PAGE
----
China Needs a New Commitment to Economic Reform
It doesn't need so many of these.
China's leaders have been struggling with the same essential dilemma for some time: They want steady growth and short-term stability, but they also want far-reaching economic reform. Those aims can't easily be reconciled.
Up to now, the government has put growth and stability first and moved cautiously on reform. During the National People's Congress, which ends this week, Chinese policy makers seemed reluctant to recalibrate. But that’s what they need to do. They should accelerate the pace of reform, even at some short-term cost in economic disruption.
Officials promised during the meeting to boost lending and spend billions on new roads and railways in pursuit of a target for growth in output that's still high, albeit lower than before. This short-term stimulus is meant to provide a cushion to cut overcapacity in sectors such as steel and coal mining. The government’s new economic plan also includes tax cuts to encourage private-sector entrepreneurs. Meanwhile, the government says its efforts to open up China's financial system are proceeding on schedule.
That would be fine, except that the spending targets are specific and concrete, while, for the most part, the reform plans aren’t. The money set aside to support factory closures -- around $15 billion -- probably isn’t enough. Planned cuts in steel production are too small: They’d leave the industry with idle capacity equal to twice U.S. annual output. Additional stimulus is likely to exacerbate the very problems officials keep promising to tackle: over-investment, rising bad loans and loss-making "zombie" companies that squander financial resources and hold the economy back.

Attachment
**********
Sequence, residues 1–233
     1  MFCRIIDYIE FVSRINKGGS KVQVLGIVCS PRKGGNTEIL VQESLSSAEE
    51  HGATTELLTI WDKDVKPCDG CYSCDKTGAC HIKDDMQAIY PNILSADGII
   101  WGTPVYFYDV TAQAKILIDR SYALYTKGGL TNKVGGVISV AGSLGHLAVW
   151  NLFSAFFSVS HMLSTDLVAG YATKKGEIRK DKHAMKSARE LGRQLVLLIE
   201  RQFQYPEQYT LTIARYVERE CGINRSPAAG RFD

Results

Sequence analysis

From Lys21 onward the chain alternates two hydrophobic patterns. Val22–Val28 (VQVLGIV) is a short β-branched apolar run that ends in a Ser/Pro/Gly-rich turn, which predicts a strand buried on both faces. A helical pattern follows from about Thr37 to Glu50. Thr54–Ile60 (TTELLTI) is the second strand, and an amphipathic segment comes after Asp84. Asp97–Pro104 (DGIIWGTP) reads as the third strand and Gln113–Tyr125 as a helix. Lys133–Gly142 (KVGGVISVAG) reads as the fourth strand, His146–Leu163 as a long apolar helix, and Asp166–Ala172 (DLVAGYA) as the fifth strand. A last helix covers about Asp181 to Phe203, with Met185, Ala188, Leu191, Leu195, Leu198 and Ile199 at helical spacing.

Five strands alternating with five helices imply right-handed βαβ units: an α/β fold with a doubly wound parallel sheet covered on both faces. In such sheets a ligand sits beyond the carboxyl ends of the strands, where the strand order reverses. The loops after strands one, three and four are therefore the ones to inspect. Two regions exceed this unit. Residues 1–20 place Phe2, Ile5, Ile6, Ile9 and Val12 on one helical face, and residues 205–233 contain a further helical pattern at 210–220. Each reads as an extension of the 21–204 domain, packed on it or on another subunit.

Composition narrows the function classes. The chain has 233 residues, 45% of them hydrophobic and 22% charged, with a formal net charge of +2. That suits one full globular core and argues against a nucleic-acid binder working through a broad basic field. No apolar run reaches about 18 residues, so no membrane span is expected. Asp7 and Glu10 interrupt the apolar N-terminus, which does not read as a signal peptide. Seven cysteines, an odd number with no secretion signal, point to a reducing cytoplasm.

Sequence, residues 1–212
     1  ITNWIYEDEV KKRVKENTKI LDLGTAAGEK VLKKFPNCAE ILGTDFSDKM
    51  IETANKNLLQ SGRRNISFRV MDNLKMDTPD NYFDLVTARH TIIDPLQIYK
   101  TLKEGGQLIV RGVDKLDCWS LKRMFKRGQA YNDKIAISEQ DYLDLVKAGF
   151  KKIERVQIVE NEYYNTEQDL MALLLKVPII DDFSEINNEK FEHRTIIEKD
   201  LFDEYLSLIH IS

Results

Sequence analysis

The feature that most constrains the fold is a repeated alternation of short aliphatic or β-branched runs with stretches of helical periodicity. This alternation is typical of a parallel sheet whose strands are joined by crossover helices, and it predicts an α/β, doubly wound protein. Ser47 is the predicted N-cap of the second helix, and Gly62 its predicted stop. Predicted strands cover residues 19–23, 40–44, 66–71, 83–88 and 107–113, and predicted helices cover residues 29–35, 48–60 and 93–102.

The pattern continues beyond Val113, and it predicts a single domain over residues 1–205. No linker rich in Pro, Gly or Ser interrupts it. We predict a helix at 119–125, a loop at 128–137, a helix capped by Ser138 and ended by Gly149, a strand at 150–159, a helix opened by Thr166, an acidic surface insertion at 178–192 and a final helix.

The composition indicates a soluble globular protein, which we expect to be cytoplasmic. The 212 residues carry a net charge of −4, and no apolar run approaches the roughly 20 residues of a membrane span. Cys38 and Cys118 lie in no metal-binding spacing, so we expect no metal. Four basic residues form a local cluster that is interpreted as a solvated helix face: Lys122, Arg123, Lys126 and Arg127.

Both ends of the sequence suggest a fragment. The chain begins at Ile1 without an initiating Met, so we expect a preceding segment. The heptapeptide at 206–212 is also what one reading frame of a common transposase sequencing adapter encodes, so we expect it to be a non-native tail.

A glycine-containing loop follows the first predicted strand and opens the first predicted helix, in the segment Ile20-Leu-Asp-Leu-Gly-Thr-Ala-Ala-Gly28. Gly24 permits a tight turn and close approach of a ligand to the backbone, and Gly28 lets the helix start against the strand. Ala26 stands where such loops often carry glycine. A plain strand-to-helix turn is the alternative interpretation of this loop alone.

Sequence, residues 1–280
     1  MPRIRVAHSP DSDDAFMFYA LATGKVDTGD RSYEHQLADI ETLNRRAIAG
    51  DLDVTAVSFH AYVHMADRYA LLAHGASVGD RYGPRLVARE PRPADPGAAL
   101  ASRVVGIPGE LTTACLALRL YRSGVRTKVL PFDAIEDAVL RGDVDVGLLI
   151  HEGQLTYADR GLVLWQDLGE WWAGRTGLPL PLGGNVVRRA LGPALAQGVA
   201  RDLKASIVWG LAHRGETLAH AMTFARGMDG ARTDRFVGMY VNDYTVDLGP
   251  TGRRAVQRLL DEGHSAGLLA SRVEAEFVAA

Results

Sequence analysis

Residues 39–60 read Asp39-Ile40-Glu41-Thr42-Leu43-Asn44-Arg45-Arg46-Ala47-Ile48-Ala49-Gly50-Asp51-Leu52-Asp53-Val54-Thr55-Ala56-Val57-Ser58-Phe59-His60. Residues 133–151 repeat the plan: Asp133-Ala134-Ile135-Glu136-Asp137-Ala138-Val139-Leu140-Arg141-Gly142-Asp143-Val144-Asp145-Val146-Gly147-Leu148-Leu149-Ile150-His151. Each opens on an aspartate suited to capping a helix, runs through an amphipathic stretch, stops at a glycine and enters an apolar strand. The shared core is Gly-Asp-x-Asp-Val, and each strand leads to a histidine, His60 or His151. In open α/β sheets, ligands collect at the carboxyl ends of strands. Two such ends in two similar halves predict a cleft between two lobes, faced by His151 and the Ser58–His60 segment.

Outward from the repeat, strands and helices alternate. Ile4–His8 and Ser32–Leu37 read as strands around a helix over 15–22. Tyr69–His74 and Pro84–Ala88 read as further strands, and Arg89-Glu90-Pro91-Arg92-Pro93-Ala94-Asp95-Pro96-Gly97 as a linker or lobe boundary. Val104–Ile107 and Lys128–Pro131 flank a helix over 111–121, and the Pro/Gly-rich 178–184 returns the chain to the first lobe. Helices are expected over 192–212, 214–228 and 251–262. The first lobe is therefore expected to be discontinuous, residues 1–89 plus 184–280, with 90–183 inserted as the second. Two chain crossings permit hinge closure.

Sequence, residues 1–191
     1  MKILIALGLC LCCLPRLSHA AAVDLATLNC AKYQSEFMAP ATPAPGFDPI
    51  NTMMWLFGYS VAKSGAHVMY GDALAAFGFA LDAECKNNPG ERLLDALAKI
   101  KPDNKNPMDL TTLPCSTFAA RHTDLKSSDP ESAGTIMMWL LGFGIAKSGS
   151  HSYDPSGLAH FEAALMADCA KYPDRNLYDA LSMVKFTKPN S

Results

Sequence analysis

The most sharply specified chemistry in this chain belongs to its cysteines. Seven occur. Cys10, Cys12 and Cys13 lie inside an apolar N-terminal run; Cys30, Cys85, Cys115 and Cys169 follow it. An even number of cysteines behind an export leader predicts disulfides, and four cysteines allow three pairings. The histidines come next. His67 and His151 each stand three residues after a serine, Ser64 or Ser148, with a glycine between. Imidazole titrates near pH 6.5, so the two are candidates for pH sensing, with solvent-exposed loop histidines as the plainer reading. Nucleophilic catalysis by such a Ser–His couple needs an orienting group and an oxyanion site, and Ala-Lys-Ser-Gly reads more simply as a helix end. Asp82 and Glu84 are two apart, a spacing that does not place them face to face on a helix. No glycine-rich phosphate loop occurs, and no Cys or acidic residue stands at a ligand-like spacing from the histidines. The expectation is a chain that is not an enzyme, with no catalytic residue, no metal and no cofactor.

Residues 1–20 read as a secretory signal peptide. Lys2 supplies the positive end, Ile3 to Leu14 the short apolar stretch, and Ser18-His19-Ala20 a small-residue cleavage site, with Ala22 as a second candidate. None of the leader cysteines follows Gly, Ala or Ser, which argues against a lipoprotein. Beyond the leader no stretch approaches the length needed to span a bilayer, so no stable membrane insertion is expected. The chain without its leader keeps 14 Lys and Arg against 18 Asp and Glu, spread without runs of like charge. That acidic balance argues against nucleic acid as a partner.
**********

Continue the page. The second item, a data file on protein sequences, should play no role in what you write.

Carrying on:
According to Bloomberg Intelligence, new lending this year will push aggregate debt to nearly 60 percent of gross domestic product. Every increase makes the ultimately unavoidable deleveraging harder, and adds to the risk of a financial crisis. And time is not on the economy’s side. Moody’s recently downgraded China’s ratings outlook. With an aging population and diminishing opportunities for catch-up growth, the sooner China bears the cost of restructuring, the better.
Rather than wasting money on rolling over bad loans, the authorities should develop a detailed plan for restructuring ailing state-owned companies. The government would rather merge and reorganize such firms than shut them down, to avoid putting millions out of work. This approach can’t do it all. A good investment would be to spend more on retraining workers for jobs in services (a sector that’s growing fast) and on further strengthening China’s social safety-net. Beijing should also further shore up the finances of local governments, so they don’t need to keep weak companies going just for the taxes they pay.
Most important, China’s leaders need to show they’re serious about ceding power to the market. Lately, they’ve put their commitment to doing this in doubt. The government is thought to be intervening more than before in the stock market, and regulators have again delayed plans to liberalize new company listings. Despite the economy’s troubles, the number of bankruptcies in China is decreasing –- which isn’t a good sign. Banks can’t clear their books of bad borrowers and capital is diverted from more productive purposes.
The government knows what’s required, and keeps promising to do it. The need is now urgent. China’s continued success depends on a faster pace of reform.
To contact the senior editor responsible for Bloomberg View’s editorials: David Shipley at firstname.lastname@example.org.